The social distancing measures and cancellation of events and classes due to COVID-19 sucks for everyone. (Or worse: For essential employees, the illness itself sucks.) There is a special problem of turning to live-streams and online formats for the visual arts. As I near my one-year anniversary of moving from Texas to rural New Mexico, I am struck by how these new measures won’t affect my art practice all that much, and that’s pretty disheartening.
To be fair, I’m still able to work, but living this far out means that doing research, seeing other artists’ work in person, studio visits, and attending openings are a thing of the past unless I drive a three-hour round trip (or 23 if I want to go to Houston), book a hotel, childcare, and the like.
Or, like everyone else right now, I can just go online.
The internet obviously has its advantages. I’m able to sell my work through third parties that do a lot of the work, apply to exhibitions, and write news stories that require only online research. Occasionally I get in to one of these shows I apply to, or get to write the catalogue for an exhibition — and then I have to figure out if I’m able to actually attend the event. None of this is new: every artist who is a mother of young kids, or artist who works a regular job, or is a caretaker, or doesn’t have a car (or any other variable that life throws at them) has to deal with these kinds of issues. Still, nothing can replace the counsel and grace that comes with finding the right gallerist or talking to a curator about your work in the flesh. There is more than just merit to “being there.”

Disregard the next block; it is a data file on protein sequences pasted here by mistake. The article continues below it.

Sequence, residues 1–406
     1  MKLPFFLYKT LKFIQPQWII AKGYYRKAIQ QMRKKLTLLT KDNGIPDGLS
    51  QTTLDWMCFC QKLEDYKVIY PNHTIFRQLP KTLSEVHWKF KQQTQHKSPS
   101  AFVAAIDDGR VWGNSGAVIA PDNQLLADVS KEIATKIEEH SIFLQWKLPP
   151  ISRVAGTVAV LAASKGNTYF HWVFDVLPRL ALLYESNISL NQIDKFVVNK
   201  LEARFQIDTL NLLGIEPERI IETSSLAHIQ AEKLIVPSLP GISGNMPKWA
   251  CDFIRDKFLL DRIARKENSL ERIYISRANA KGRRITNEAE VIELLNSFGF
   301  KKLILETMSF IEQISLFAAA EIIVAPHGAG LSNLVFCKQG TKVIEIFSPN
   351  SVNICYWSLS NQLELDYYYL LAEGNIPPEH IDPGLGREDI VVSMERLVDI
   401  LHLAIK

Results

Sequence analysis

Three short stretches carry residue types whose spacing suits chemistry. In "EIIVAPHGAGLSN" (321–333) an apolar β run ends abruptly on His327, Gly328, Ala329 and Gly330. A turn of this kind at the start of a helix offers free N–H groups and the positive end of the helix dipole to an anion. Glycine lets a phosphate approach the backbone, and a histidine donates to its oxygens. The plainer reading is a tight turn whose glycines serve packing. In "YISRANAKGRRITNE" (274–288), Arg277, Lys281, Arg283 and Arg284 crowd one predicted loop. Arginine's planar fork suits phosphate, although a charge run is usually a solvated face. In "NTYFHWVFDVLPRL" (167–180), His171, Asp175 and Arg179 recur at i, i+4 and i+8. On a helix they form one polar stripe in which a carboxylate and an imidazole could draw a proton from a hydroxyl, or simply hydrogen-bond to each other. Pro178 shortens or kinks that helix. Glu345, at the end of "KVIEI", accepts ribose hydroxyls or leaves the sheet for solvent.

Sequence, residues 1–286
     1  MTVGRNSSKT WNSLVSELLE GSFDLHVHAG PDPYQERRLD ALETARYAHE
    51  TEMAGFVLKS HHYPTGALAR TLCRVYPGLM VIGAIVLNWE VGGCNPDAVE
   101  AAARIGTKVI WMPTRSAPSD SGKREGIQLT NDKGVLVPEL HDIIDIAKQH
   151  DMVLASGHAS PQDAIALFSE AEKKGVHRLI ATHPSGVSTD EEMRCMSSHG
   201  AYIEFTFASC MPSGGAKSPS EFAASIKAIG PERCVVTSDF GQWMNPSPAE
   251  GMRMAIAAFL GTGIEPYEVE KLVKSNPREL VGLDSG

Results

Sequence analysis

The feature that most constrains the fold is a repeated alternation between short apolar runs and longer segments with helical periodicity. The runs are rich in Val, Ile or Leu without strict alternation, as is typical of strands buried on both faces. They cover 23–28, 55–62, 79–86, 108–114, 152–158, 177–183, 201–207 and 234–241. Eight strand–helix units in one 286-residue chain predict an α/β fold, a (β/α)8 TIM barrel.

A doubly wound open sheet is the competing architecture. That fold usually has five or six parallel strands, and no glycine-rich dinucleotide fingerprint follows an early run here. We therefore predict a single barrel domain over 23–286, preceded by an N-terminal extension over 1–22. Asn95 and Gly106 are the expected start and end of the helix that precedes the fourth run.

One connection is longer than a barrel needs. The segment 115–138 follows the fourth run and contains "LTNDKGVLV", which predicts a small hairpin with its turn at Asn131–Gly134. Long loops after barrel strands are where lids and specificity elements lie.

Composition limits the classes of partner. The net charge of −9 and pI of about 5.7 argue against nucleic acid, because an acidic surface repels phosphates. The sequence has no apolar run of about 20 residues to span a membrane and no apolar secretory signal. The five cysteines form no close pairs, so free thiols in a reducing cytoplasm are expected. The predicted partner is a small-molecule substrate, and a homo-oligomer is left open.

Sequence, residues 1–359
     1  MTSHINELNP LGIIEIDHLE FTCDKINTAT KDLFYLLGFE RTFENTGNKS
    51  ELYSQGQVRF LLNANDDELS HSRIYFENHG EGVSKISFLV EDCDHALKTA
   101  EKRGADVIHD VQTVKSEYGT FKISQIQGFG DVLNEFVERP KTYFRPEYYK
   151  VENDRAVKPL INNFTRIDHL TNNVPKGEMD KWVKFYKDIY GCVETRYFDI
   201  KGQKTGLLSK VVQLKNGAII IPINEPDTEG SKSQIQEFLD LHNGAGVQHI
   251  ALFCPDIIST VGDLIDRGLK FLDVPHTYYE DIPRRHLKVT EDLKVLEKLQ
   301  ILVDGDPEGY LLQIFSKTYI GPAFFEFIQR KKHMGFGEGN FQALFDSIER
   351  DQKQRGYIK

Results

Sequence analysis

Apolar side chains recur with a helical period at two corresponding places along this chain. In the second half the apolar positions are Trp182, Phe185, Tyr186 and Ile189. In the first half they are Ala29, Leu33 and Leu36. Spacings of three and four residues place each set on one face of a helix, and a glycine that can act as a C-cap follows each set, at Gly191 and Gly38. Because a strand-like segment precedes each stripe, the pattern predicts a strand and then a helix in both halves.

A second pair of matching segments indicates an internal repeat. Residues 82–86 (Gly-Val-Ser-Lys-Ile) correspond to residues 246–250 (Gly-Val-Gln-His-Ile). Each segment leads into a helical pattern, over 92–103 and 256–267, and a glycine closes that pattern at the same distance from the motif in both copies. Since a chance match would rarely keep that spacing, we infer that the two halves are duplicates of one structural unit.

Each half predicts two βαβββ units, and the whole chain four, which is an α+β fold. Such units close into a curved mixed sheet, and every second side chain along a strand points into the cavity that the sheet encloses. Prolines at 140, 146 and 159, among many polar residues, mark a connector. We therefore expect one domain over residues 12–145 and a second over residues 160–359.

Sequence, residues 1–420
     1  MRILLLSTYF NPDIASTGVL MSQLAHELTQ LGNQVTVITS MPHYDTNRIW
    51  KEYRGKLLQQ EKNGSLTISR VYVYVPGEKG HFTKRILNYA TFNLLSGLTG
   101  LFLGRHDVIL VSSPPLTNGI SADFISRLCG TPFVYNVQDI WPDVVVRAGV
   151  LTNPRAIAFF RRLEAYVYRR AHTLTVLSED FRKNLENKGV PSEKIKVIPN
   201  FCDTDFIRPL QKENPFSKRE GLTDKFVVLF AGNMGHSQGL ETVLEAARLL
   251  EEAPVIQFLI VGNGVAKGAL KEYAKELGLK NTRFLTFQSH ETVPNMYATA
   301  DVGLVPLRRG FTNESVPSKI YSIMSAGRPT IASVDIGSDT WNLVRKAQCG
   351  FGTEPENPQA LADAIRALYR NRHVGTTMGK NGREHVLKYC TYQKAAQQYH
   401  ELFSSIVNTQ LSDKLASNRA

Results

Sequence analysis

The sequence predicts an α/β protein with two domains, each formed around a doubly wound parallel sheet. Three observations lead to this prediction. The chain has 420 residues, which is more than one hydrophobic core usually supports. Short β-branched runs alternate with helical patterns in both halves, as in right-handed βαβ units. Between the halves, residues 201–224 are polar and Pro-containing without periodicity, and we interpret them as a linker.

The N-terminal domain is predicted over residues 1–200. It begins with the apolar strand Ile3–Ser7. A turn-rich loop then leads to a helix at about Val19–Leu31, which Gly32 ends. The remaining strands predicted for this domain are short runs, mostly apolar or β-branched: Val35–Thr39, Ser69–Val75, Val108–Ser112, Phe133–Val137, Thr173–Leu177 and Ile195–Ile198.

In some ways, I’m in the same boat I was in Lubbock. For the sake of affordability, my husband and I have always chosen to live in more rural areas. Lubbock is a university town, with galleries and museums and cultural institutions, but for the most part, if I wanted to see blockbuster art by the likes of Kehinde Wiley or Yayoi Kusama, I’d have to make a pilgrimage to Dallas-Fort Worth.
I loved Lubbock, though. I lived there for 15 years, since I was 17 and dropped out of high school in New Mexico and moved there. Frankly, I’m scared by the notion that Lubbock will be my first, and last, city. I tried to allay these fears in writing about my decisions and desires in light of my exposure to the genius of Christie Blizard, but I’m just not sure how an artist can stay engaged with big city energy from a hermitage. But I’ll be dammed if I’m not going to try and figure it out.
And when I see an opportunity to apply for residencies and grants that would take me to the bigger cities, I choose family first. Here’s the big secret, though: there is good art everywhere. Thanks to living in “fringe” cities of Texas like Lubbock, and Corpus Christi, I’ve learned that there’s excellent programming available in the unlikeliest parts of the country. I’ve seen gobs of Rembrandt etchings in a town of 1,700 out in the middle of (seemingly) nowhere. That is encouraging.